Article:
The ROO Group is scuttling its peer-to-peer digital media file sharing office in Clifton Park — six months after the online video advertising firm acquired a pioneer in the P2P field in Saratoga Springs.
The New York-based ROO on Monday announced a series of restructuring initiatives, including the closure of its Clifton Park research and development arm last week and the elimination of 10 positions there.
The restructuring initiative, which included the elimination of 43 jobs companywide, could save ROO $3.5 million in 2008.
“We are taking operational steps to improve the short-term performance of ROO Group by focusing on revenue-generating initiatives in our core business, while non-core activities are reducing our cost structure,” said ROO’s new chairman and chief executive officer, Kaleil Isaza Tuzman.
ROO in July acquired Wurld Media, which in 2005 launched the now-defunct music and video file-sharing network called Peer Impact. At its peak, Wurld held file-sharing contracts with music and movie industry giants and employed over 70 in Saratoga.
ROO had hoped to use Wurld to accelerate its development of video P2P technology, which transfers large amounts of digital information by utilizing users’ computers. In July, ROO bought Wurld for $4.3 million. ROO’s customers include the New York Post and the British newspaper The Sun.
ROO’s restructuring will distance the company from its P2P ambitions. Tuzman said ROO will outsource its P2P services instead of developing them internally. When the Wurld acquisition was announced in February, ROO’s founder said he hoped the Saratoga firm’s P2P assets would help it snag clients along the lines of News Corp.’s social networking Web site MySpace.
The shuttering of the ROO Business Solutions office in Clifton Park came a month after two Wurld executives were indicted by a Saratoga County grand jury on five felony charges, including grand larceny and falsifying business records.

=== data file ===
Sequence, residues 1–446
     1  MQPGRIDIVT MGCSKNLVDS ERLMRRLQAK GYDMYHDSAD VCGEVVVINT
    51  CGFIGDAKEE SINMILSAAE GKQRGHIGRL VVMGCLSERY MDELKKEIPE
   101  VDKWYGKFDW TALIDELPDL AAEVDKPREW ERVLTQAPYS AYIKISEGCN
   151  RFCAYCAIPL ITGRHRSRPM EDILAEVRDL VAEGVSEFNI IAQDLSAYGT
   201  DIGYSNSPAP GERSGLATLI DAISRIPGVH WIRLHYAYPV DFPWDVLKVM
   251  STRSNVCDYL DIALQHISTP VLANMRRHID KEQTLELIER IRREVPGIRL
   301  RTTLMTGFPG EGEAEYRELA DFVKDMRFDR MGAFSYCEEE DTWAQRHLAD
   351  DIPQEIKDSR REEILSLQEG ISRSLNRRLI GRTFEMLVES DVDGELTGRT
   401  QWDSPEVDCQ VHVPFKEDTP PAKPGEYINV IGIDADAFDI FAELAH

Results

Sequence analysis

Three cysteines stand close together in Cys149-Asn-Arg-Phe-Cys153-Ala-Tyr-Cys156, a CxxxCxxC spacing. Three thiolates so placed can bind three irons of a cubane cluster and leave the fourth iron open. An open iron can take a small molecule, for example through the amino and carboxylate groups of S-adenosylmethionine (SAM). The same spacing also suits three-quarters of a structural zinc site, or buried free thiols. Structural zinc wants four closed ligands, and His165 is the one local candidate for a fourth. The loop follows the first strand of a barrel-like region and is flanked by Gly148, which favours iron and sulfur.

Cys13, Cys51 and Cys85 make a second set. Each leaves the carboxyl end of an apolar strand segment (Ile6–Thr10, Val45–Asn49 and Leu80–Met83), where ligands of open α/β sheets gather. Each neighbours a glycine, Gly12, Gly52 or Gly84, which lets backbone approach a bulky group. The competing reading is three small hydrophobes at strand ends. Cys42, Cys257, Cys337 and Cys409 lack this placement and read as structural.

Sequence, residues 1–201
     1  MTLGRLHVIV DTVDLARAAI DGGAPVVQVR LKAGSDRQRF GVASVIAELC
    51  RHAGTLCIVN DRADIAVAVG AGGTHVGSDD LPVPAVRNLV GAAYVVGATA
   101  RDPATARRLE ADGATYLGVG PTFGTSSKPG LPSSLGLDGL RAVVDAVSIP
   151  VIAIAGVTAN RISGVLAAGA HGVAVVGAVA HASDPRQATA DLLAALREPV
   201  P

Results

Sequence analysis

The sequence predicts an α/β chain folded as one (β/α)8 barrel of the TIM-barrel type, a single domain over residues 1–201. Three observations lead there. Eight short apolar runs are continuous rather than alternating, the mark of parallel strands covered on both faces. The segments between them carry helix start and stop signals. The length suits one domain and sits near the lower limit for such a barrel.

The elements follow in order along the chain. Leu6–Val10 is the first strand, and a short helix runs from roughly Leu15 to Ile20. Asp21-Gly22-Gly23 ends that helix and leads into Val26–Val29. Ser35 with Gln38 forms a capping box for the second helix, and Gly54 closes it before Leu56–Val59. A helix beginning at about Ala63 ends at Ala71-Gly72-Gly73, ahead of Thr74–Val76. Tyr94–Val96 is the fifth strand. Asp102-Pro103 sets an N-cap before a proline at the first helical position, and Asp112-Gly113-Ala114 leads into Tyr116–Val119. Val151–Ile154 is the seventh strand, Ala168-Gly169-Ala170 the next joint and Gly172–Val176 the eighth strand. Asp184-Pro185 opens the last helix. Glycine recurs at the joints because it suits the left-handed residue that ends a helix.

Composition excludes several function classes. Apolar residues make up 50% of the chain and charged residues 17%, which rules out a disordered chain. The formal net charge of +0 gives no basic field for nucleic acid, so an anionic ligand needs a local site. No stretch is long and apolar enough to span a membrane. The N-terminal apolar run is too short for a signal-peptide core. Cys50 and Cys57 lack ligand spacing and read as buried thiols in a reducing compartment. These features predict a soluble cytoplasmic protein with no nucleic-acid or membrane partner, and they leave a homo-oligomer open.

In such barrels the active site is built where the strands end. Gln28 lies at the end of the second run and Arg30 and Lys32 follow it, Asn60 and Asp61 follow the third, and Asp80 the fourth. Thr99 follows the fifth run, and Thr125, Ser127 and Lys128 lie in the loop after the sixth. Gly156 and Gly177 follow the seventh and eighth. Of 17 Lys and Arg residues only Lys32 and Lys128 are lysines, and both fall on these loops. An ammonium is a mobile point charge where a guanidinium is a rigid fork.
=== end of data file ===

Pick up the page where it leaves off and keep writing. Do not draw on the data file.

The charges against Wurld CEO and Chairman Gregory Kerber and Chief Financial Officer Richard Saxon allegedly stemmed from incidents related to the transfer of assets in the ROO-Wurld deal.
The restructuring initiatives follow a leadership shake-up at ROO last week, when Tuzman succeeded company founder Robert Perry, who now serves as the vice chairman of its board of directors. Prior to that change, three members of ROO’s board of directors resigned. In December, Tuzman’s KIT Capital in Dubai, United Arab Emirates, entered a management agreement under which it could purchase 51 percent of ROO’s preferred class of shares.
In announcing the KIT deal, Perry said his company was entering “a new phase of development.” ROO’s revenues rose 66.3 percent to $10 million during the first nine months of 2007, compared with the same period of 2006. But during the same period, its net loss more than doubled to $22.1 million from $9.64 million.
KIT’s charge under the executive management agreement is to reassess ROO and position it to become a leader in Internet Protocol television services through growth and acquisitions.
“In 2008, ROO will be a leaner and focused company, committed to more disciplined business practices, aggressive sales and content acquisition,” said Tuzman.
Tuzman said he will focus on competitive yet-undeveloped markets outside North America.
ROO also announced Monday the appointment of three global operation executives — all who previously worked at JumpTV, the world’s largest Internet broadcaster of international and sports content. Tuzman stepped down as JumpTV’s president and chief operating officer to take over ROO.
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